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Light and Health Institute Online Course

The Fall 2020 Light and Health Institute course has now ended. Stay tuned for future dates.

The Light and Health Institute is moving to an online format this year!

Light and Health InstituteThe effect of light on human health and wellbeing is one of the most discussed topics in lighting today, but also one of the least understood. With the current COVID-19 pandemic, people have a heightened awareness of environmental factors that can positively, or negatively, affect their health.

Sleep disorders, for example, are on the rise, with more than 70% of adults reporting that they obtain insufficient sleep at night. Light is the main factor impacting a person’s sleep-wake cycle, telling the body when to go to sleep and when to wake up. People in modern society spend more than 90% of their time indoors without enough light to stimulate the circadian clock. In the evening, the blue light from smartphones and computer screens makes the brain think it’s time to wake up, just as you're getting ready for bed, resulting in feeling tired and sluggish the next day.

The LRC’s Online Light and Health Institute will provide information on how to use the power of light to improve health and wellbeing in schools, offices, hospitals, and homes.

Colette Fleming, Director of Health Care for Axis Lighting, discusses her experience in taking the LRC's Light and Health Institute course and the importance of education in this growing area of research and lighting design.

Program objectives

Light and Health InstituteAt the conclusion of the Institute, participants will be able to:

  • Understand the latest research on the effects of light on human health and wellbeing
  • Critically analyze information on light and human health
  • Develop lighting designs and select lighting systems that can positively impact health and wellbeing
  • Evaluate the effects of a lighting design on health and wellbeing
  • Calculate the impact of light from any light sources and light levels on the human circadian system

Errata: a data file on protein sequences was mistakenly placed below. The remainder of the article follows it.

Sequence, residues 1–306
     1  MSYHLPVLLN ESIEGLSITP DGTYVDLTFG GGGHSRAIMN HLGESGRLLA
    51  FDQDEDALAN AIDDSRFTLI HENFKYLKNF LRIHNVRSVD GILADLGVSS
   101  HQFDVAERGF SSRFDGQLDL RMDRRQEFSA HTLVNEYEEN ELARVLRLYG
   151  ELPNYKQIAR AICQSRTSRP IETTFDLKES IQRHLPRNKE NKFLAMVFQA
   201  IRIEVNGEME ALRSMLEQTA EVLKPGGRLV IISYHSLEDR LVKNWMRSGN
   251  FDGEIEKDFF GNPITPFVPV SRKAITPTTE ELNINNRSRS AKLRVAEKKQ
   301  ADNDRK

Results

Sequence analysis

• Understand the effects of light on target populations such as older adults, adolescents, school children, shift workers, and others
  • Understand the limitations of current lighting metrics (e.g., CCT, lux) in specifying light for the circadian system

In addition, lighting manufacturers will learn how to develop lighting fixtures and systems that can be used to positively impact health.

Who should attend?

Professionals from a range of backgrounds interested in learning the latest developments on light and health, including:

  • Lighting designers and specifiers
  • Architects
  • Engineers
  • Healthcare professionals
  • Facility managers and administrators
  • Lighting manufacturers
  • Lighting product developers and designers

Program description and schedule

The Online Light and Health Institute will include a series of eight, weekly online lecture, demonstration, and discussion sessions. There will also be offline field exercises in which participants will engage to reinforce the concepts covered in the course.

Each weekly online session will be two hours in length. Online sessions will be held on Tuesday afternoons from 1:00 to 3:00 PM US Eastern Time, beginning September 8, 2020 (see schedule below). There will also be an online discussion and question & answer board where participants and presenters can share information and hold informal discussions between online sessions.